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• Can be use with a PC or Apple Mac most are
specific to a chosen games console. Most
contain force-feedback technology which
‘rumbles’ the controller in the user’s hand to
reflect on-screen events.
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Game Controllers
• Some controllers use a proprietary connection
[specific to a particular console] most modern
devices use either USB or wireless connections.
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• Is used to convert sound waves made by
human speech into electrical signals which
can be used to control a computer system
or talk to other users via internet
telephone services such as Skype
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A Microphone
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Keyboard
A Mouse
• Uses either mechanical roller ball or optical lightemitting dipoles and sensors to move the pointer
on the screen.
• A mouse is a key component of a modern GUI
either wireless or USB or PS/2 connections
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• Qwerty keyboard basic input device Most PC
keyboards are wireless or USB or PS/2
connections.
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OUTPUT DEVICES
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• Produces monochrome, grey scale or colour
prints containing text and / or images. Inkjet and
laser. Inkjet uses wet cartridge ink laser works
similar to photocopiers by using dry toner which
is heat-bonded to certain points of the page.
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Printer – other peripherals
• Most printers are wireless, USB or much older
parallel port connections.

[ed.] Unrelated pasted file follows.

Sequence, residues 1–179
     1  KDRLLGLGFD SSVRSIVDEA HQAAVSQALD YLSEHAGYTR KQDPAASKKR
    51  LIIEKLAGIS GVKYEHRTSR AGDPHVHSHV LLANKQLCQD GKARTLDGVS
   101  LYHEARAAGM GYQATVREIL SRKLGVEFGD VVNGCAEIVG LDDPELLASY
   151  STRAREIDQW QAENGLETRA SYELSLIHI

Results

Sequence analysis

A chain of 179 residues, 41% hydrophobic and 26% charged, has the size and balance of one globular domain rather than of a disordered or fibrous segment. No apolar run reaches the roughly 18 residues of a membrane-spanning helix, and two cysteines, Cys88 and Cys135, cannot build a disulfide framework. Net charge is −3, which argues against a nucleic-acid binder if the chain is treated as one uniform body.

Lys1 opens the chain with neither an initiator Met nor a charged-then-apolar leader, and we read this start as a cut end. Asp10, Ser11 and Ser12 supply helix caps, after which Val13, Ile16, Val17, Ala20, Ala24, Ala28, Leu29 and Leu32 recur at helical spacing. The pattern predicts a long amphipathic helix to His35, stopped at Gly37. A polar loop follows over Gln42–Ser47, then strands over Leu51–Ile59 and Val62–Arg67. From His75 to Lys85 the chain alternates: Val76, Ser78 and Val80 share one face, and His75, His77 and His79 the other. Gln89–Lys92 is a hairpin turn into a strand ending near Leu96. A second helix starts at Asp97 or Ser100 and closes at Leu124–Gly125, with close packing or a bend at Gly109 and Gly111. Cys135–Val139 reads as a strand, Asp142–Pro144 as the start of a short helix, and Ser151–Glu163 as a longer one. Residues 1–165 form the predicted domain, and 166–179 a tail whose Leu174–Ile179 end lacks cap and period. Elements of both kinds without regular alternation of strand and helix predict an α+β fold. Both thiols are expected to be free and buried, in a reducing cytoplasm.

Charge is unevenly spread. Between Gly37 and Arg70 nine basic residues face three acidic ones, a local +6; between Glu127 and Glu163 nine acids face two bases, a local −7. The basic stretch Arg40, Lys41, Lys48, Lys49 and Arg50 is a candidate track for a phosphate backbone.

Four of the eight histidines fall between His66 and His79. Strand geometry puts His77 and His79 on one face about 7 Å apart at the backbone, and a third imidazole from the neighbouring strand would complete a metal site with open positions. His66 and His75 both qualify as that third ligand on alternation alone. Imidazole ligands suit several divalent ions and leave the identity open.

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Monitors
• LCD have become standard. Connections to
computer systems are usually by the older 15pin for VGA connecter for newer typically 29-pin
DVI digital interface.
• The type of connection used must be compatible
with the computer system’s video card.
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• Older – CRT diminishing in use due to bulky
nature and higher power consumption.
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• Connects to the sound card. Converts electrical
signals into sound waves. Two speakers are
common offering stereo sounds. More complex
speaker systems are possible depending on the
sound card.
• You can set up 5.1 systems five speakers plus a
sub woofer for lower frequency ‘bass’ sounds.
• Speakers can be connected\wireless or USB
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Speakers
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Network connectivity
• 3G or 4th generation mobile telephone technology, can
be used to transmit data over a cellar network between
two different computer systems.
• Although the technology is built into #G phones,
tradition PC systems such as desktops or notebook can
make use of USB 3G Dongles to access the same
network.
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• In addition to input and output devices computers can be
connected together. Any device that helps to achieve
this comes under the classification of network
connectivity.
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Wi-Fi networks
• It is possible to connect a USB wireless dongle that will
do the same job. Although not fast, flexible or powerful
as a Wi-Fi network., Bluetooth connectivity can be a
useful tool when transmitting data between a mobile
telephone and a computer system.
• .
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• Can be accessed by an appropriate wireless network
controller and many devices have these built-in [for
example, Apple I phone, Nintendo Wii Sony Play Station
and most notebooks.
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Wi-Fi networks
• A network interface card [NIC} usually plugs into a
motherboard of a computer system. Many different
types [and speeds] exist and it is not uncommon to find
its circuitry built into the motherboards of most desktops
PC’s, laptops and netbooks.
• Although some NIC’s use a wired [Ethernet] connection,
others use wireless connectivity sand often have a visible
antenna
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• Inexpensive USB Bluetooth dongles enable a user to back
up mobile telephone data [such as pictures, SMS text] to
their computer system or uploaded music to them